Book review

A Gentleman in Moscow

by Amor Towles

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This is a beautiful book, with near-perfect pacing and charming characters. In it we follow the Count Alexander Rostov, a Russian aristocrat, as he finds himself under house arrest in the Metropol, a grand hotel in the same square as the Kremlin.

Alexander is a man brought up to the grander things in life, as an aristocrat in the early 1900s in Russia, and as the book progresses we see something of the life he once had. As the book opens, in a tribunal after the revolution of 1918, he finds himself sentenced to live his life from a tiny attic room in the hotel. The conditions of his confinement also strip away almost all of his possessions, and leave him with no ability to leave the hotel. However, the Count is also a man who was once told by his guardian that “if a man does not master his circumstances then he is bound to be mastered by them”, and so he sets out to master the straits in which he finds himself.

We get to know several of the staff in the hotel, who in the coming years become close friends of the Count. We meet, for example, the Maitre d’, who is a master of his restaurant craft:

And when the woman holding the wine list asked for a recommendation, he didn’t point to the 1900 Bordeaux—at least not in the Teutonic sense. Rather, he slightly extended his index finger in a manner reminiscent of that gesture on the Sistine Chapel’s ceiling with which the Prime Mover transmitted the spark of life.

The prose throughout is beautiful, and as Alexander gets to know a number of the regular guests, they too are sketched out with a delightful touch. And of course it is the way that their individual tales intertwine with his that makes up the warp and weft of the story:

By their very nature, human beings are so capricious, so complex, so delightfully contradictory, that they deserve not only our consideration, but our reconsideration—and our unwavering determination to withhold our opinion until we have engaged with them in every possible setting at every possible hour.

Nowhere is the story too trite, either. There are even one or two jokes about how it’s not being trite:

“Ten years ago tomorrow, while I was biding my time in Paris, my sister died.” “Of a broken heart . . .?” “Young women only die of broken hearts in novels, Charles. She died of scarlet fever.”

Although there are serious themes in the book, the touch throughout is light, but not trivial – depending on who is in the spotlight. Compare:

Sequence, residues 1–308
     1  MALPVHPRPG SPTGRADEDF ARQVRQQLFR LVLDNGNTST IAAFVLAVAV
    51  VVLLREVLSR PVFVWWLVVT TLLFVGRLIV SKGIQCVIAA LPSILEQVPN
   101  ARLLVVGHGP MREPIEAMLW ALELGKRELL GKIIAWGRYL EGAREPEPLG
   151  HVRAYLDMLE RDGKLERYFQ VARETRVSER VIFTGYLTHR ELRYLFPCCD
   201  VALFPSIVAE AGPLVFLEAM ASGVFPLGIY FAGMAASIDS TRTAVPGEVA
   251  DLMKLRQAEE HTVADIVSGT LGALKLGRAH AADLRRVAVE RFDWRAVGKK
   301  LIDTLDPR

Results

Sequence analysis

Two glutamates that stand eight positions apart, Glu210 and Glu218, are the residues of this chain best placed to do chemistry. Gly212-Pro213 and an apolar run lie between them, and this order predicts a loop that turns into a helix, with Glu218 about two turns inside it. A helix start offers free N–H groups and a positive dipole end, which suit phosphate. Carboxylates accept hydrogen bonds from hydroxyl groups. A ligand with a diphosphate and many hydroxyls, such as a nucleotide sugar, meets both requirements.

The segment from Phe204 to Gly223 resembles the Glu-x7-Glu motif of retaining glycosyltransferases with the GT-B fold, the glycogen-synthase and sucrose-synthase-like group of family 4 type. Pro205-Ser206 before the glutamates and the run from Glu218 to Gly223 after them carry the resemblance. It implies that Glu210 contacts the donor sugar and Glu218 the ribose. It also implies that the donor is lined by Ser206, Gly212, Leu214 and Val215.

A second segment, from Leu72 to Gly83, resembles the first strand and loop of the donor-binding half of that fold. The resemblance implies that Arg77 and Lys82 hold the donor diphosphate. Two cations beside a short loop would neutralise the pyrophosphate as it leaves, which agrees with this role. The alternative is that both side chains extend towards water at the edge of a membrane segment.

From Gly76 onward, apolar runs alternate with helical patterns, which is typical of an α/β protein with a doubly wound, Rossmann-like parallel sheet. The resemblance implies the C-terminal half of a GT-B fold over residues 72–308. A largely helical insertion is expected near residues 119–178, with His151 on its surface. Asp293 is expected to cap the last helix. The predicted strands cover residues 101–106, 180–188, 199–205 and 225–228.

Nina Kulikova always was and would be a serious soul in search of serious ideas to be serious about.


As the Count turned to go, an American who had commandeered the piano began performing a jaunty little number that celebrated a lack of bananas, a lack of bananas today.

It’s a great book, and I thoroughly enjoyed it. Five stars, well deserved.

Book review

The Goldfinch

The Goldfinch
Read date: Oct 2018

The Goldfinch by Donna Tartt
My rating: 5 of 5 stars

I’ve just finished The Goldfinch, and wow, I’m at a bit of a loss for words. This is an epic book in every sense – the prose is quite extraordinary, with hugely evocative descriptions of a scene or a person, sentences going across many many lines, and then a single phrase that stops you in your tracks, leaving you gazing about as if someone has unexpectedly slapped you across the face with a wet towel. And even though it is 800+ pages, the story is gripping throughout, a real page-turner, as my neglected wife would tell you!

In some ways it’s a book of two halves, with a gap of eight years between them, and if I had a criticism it’s perhaps that the second half was longer than it needed to be. Although the descriptions and paragraphs are still as compelling as the first, perhaps we could have sped up the pace a little at times in that second half. Much more than that, I cannot say, for fear of revealing any of the many twists and turns within. I was reminded on the one hand of Edith Wharton and The House of Mirth, for the detailed and exquisite descriptions, and on the other hand of Cormac McCarthy and Blood Meridian, for the despair and depth written into almost every line.

Regardless of my minor quibble about the second half, this is a book that is going to live large in my imagination. The characters, the colour and vividness of the scenes, all quite astonishing. Even the conclusion is a revelation, throwing the rest of the book into a new light.

And, dear reader, if I could write one sentence as beautifully as Donna Tart writes 841 pages, I think I would die happy.

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